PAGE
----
London, Friday 5th November 2021 – As consumer demand for better clean energy options ramps up across the globe, it’s important to shine a light on the consumer in Africa in particular.
It can be argued that in the western world, consumers increasingly look towards governments to provide the solution to the most pressing challenges, including in the clean energy transition. However, in developing economies where governments are not as scaled up, for example in many instances across Africa, the consumer has even greater power to enact positive change for the environment.
This comes as consumers in Africa are also younger than any other continent. Nearly 60% of Africa’s population is under the age of 25 as its working age population is set to double. 19 out of the world’s 20 youngest countries are in Africa, and Africa’s youth population is booming at a time when the rest of the word’s is shrinking by comparison.
This highlights the extent to which growing numbers of young people in Africa will be impacted by the climate crisis in the future. We need green jobs fit for the future and an economy resilient enough to make these opportunities possible not just today but also in the years to come. The amount of money raised by entrepreneurs in Africa is encouraging, with clean tech consistently featuring in the top five sectors. But it’s only the start – we need to speed up this momentum.
This comes as renewables continue to undercut fossil fuels on cost. In the world we’re living in now, there should no longer be a need to burn diesel or petrol. The low carbon solutions are already cheaper and as long as this is the case, it will be chosen – it’s a no-brainer.
Yet in the western world, many consumers do not use solar because incumbent infrastructure needs to be replaced, making the shift more expensive and difficult. When a lot of this infrastructure isn’t there, as is the case in many parts of Africa, that journey becomes a lot easier. Unconstrained by legacy, disruptive models combining renewable energy, mobile money payments and consumer finance are making this digital revolution all possible.
In fact, consumers in Africa continue to lead the way on sustainable living. Consumers across Africa are choosing solar energy. Consumers are choosing clean cooking solutions. Consumers in Africa are doing more for environment than any western household – and they’re doing it at scale.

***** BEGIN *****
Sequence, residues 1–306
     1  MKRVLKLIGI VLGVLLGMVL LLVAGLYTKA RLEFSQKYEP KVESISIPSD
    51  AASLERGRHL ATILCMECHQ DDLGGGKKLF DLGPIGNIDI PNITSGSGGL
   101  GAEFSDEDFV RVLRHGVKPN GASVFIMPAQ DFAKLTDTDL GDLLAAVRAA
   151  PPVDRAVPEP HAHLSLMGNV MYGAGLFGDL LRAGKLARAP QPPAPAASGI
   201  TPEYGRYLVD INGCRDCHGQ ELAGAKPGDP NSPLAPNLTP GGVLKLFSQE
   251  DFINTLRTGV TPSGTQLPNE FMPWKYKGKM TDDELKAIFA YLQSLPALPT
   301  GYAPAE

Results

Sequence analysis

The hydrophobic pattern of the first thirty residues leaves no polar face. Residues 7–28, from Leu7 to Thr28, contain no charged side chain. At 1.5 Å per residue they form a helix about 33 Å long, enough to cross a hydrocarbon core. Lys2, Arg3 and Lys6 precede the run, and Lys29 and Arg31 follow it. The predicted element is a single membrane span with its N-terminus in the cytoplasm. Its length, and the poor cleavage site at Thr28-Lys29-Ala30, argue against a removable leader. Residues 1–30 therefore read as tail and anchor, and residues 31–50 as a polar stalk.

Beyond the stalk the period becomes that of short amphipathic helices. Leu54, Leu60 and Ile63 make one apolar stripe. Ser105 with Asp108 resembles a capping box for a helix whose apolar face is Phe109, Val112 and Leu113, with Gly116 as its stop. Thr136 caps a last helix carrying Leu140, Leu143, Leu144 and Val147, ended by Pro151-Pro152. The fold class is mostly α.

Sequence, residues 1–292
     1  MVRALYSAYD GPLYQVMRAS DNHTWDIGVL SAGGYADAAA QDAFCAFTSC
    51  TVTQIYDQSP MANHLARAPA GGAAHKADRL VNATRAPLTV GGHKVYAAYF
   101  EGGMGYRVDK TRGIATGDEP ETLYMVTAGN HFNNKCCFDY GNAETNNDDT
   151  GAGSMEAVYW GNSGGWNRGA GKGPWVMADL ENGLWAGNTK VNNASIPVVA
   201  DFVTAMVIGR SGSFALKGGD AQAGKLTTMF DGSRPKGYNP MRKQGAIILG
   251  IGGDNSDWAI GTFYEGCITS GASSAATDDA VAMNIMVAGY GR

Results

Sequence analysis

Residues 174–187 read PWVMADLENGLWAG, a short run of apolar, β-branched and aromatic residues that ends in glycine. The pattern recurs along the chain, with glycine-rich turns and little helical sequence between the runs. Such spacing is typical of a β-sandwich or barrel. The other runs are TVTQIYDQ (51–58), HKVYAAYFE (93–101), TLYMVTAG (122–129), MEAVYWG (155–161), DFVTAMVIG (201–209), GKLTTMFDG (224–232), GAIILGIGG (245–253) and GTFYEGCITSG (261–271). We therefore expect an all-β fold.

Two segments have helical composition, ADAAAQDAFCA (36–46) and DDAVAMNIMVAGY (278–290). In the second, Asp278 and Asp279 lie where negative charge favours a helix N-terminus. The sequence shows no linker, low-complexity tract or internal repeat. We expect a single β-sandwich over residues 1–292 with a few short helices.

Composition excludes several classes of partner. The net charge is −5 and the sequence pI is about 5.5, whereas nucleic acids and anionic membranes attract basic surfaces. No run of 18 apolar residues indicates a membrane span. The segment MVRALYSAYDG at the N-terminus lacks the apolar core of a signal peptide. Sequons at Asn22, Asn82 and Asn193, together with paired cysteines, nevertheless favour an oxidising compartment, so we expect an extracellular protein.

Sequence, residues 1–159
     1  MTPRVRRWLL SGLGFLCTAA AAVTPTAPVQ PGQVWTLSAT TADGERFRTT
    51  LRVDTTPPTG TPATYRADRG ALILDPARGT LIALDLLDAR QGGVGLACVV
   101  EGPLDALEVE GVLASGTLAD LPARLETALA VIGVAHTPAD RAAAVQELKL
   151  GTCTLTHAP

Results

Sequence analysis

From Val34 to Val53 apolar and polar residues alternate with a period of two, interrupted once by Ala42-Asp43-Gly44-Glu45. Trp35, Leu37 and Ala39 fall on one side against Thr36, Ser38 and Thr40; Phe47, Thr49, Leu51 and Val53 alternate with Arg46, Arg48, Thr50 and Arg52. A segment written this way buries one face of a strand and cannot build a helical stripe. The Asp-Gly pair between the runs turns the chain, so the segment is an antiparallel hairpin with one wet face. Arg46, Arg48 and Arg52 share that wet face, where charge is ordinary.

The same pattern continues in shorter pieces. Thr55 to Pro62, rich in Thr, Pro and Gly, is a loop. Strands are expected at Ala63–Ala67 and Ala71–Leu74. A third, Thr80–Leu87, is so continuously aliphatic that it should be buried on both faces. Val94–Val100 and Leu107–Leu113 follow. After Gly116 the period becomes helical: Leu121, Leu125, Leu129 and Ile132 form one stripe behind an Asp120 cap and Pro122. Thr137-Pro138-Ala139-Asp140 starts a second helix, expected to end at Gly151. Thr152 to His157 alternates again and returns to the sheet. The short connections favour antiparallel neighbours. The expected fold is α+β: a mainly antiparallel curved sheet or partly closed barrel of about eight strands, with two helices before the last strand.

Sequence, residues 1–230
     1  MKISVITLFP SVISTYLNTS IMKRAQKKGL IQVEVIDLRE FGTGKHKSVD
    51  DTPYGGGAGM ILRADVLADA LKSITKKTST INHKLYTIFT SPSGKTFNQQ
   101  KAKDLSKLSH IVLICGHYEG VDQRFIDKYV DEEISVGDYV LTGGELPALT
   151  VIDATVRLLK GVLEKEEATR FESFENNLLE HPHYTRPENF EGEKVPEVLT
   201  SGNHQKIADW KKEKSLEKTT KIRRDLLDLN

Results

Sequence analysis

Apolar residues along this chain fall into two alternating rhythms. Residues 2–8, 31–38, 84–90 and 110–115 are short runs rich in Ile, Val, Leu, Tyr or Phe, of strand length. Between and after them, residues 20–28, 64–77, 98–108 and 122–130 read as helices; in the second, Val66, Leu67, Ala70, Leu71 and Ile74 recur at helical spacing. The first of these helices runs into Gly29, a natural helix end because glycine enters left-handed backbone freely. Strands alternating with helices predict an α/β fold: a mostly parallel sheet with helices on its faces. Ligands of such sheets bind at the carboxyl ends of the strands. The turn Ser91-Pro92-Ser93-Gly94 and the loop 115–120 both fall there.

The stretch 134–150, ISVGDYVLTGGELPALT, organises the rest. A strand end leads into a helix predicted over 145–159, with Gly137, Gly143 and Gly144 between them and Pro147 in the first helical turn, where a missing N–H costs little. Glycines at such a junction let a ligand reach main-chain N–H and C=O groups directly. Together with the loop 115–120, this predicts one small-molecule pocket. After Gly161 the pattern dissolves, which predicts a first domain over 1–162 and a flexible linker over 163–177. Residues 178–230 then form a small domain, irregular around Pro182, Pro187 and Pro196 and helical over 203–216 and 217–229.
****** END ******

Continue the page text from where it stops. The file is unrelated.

Access to energy is only the tip of the iceberg as once consumers have access to energy they are brought into the digital economy, fostering financial inclusion, and enabling new business models that will transform even more lives for the better. This means that in many instances, people are leapfrogging directly to digital jobs, bypassing the need for traditional industrial-led development. With the right policies in place, there is a real opportunity for digitalisation to truly accelerate economic development.
Widespread pay-as-you-go models needed
Transportation remains a key area within lots of economies on the continent that is yet to be transformed and made more economical for consumers than polluting alternatives. This means that it’s still cheaper to buy a combustion motorbike using fuel than an electric bike – a major barrier to adoption. In some countries governments have stepped in to try and change this. For example, Rwanda is phasing out gas motorcycles and launched a project to put more electric motorcycles on Rwanda’s streets.
To make this universally accessible, pay-as-you-go models need to become available for these products to remove high upfront costs. Pay-as-you-go has proven to be an extremely inclusive business model. It can result in the rapid scaling of many key services as we have shown with our Solar Home Systems and now LPG clean cooking services too.
Consumers in Africa have shown that positive changes towards a cleaner and greener economy are making headway. We need to recognise these positive developments and ensure that the cleaner options across the board continue to be the most affordable ones.
Part 2 of a new blog series for COP26 by Mansoor Hamayun, CEO and Co-Founder of Bboxx. Read part 1 here.